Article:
So when you see someone return home under less than desirable circumstances, try to withhold judgement.  You don’t know what that person has been through or what is happening in their life.  You may see and you may hear but you still DO NOT KNOW what is happening in their heart and mind.  If you were childhood friends, reach out and let them know you still care.  But know that they have changed.  Their life experiences could be vastly different than yours and they won’t be the same person that you graduated with.  If the changes are not something in line with your personality or morals, then friendship won’t be possible but there’s no need to join the Mean Girls/Guys club either.  Just mind your business.  Unless their actions directly affect you, what they do or say is quite simply not your business.

We talk about kids bullying each other but sometimes the adults are just as bad, if not worse.  Life is honestly too short – live your own life before it’s gone.


 Marcia and I crossed paths again for a reason. Who knows ultimately what that may be. I am just grateful that she is someone I can talk to when life here gets me down because she is one of the few who “gets” it. I hope you enjoyed her words as much as I and possibly took something away from them. After all we’re all just trying to get by in life and if someone’s words can help in some small way, then we’re all better off!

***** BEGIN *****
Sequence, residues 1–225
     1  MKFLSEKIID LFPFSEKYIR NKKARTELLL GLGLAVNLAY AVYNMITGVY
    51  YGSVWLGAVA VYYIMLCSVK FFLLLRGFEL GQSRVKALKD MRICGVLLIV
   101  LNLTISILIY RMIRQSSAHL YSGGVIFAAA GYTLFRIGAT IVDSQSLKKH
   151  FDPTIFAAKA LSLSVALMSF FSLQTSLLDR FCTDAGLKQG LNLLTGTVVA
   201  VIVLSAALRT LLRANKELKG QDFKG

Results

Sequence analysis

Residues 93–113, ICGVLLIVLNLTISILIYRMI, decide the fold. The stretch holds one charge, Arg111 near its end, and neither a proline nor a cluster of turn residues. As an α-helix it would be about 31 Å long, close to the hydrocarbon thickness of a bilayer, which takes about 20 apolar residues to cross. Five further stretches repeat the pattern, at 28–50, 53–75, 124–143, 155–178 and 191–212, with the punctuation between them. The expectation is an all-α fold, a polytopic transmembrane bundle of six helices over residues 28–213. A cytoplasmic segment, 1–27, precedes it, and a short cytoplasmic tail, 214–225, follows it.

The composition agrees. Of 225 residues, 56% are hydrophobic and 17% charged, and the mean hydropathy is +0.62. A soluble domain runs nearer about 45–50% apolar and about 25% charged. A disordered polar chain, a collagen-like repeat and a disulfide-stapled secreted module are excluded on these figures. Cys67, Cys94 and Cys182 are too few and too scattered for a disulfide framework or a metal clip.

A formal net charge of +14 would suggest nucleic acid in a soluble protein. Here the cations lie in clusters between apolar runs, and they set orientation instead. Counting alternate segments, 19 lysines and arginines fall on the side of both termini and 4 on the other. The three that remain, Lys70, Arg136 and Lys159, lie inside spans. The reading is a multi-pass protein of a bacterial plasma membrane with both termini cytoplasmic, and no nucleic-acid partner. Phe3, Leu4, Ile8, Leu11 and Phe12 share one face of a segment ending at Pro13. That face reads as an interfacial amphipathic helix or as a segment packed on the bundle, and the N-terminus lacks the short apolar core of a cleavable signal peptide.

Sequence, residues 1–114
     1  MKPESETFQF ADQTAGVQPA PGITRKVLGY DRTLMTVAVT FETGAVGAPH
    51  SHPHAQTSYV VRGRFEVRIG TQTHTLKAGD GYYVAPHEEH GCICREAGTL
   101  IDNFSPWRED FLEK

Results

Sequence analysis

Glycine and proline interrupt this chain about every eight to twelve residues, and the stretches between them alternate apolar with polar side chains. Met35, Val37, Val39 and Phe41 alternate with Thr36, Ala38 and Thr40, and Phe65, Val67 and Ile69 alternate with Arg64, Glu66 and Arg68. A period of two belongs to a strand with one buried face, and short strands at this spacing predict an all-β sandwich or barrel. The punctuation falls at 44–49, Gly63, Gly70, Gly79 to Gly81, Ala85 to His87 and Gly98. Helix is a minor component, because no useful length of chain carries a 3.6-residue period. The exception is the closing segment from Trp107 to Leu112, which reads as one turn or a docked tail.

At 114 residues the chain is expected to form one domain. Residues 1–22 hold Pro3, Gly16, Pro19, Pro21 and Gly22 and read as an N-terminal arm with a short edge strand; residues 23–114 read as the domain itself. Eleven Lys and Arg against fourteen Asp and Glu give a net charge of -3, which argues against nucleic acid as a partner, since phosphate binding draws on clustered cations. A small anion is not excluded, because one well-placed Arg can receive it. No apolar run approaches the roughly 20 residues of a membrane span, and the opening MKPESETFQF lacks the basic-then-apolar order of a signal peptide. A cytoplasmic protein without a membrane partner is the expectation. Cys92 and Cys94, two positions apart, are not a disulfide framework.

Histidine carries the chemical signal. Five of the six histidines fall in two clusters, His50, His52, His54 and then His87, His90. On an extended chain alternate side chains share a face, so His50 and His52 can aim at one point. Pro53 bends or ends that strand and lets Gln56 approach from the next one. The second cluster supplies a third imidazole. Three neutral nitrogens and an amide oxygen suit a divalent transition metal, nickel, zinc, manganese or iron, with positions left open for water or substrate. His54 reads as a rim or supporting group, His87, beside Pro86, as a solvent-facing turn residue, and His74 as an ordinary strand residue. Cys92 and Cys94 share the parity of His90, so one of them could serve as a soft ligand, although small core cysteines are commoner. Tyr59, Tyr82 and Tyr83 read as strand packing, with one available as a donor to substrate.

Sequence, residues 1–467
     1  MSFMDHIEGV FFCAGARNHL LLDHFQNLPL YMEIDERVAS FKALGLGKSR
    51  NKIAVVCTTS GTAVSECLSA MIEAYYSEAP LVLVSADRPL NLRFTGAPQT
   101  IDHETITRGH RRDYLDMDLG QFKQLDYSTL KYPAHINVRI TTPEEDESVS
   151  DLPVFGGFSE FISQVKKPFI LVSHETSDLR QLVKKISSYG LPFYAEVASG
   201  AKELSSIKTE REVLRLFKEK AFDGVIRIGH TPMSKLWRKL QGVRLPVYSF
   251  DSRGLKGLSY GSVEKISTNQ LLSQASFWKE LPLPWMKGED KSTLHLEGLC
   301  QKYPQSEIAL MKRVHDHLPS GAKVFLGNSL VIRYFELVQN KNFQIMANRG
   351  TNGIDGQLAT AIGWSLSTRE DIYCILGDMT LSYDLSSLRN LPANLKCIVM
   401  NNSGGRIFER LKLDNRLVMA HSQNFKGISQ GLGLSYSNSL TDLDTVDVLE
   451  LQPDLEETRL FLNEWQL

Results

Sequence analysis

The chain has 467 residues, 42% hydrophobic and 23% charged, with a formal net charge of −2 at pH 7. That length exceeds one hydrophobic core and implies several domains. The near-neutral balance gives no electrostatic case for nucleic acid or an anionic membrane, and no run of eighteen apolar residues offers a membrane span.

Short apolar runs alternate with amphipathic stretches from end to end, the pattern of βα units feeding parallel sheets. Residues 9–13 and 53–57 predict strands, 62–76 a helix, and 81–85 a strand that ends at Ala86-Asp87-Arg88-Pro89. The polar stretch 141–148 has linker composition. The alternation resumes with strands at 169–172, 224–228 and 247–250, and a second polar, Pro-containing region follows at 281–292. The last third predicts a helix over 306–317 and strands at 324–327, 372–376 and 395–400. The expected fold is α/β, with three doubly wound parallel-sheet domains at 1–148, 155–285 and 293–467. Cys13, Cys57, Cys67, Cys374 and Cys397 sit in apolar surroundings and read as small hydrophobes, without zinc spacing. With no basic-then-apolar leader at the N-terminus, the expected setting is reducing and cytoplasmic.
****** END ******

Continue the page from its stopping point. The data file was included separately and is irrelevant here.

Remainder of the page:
6 thoughts on “Guest Post – The truth in small towns

  1. You have a wonderful way with words. Through this page it’s easy to see a humble, intelligent woman who communicates with a down to earth, associative tone. One of the. Most enjoyable things I’ve read in quite some time

  2. I just realized that it was in your IG bio. It’s fantastic. I’d recommend reading your blog for therapy. I’m glad you have found such a positive outflet. I love it when people share.

    • My goal for the New Year is to blog twice per week. I started a list of topics. My “unfortunate incident” has had a profound impact on my life. I’m a strong person & many are not. If anything I say about my own experiences helps someone, then I feel like something positive can come from my heartache.

  3. I concur with so many of your sentiments! My parent’s both died in the small town in WI where I went to grade school, grades 4 -8. We were the the only black family in the county so we didn’t get a lot of help, indeed we got a lot of discrimination, over the years. My mother died the year before my father . I had to take care of funeral arrangements for him and was also the executor of the estate. I tried to do right by the few people who helped my father but even then there were nasty rumors about us after we solid the place. NONE of us will ever go back there ever again!

    • I did not write this piece, a friend did, but I agree with it so I felt it appropriate to share.

      I cannot imagine your difficulties in a small town. There is a lot of ignorance and I don’t mean that in a belittling way. There just is an absence of understanding as to what life is beyond the narrow reality that exists in small towns.

      Thanks as always for reading!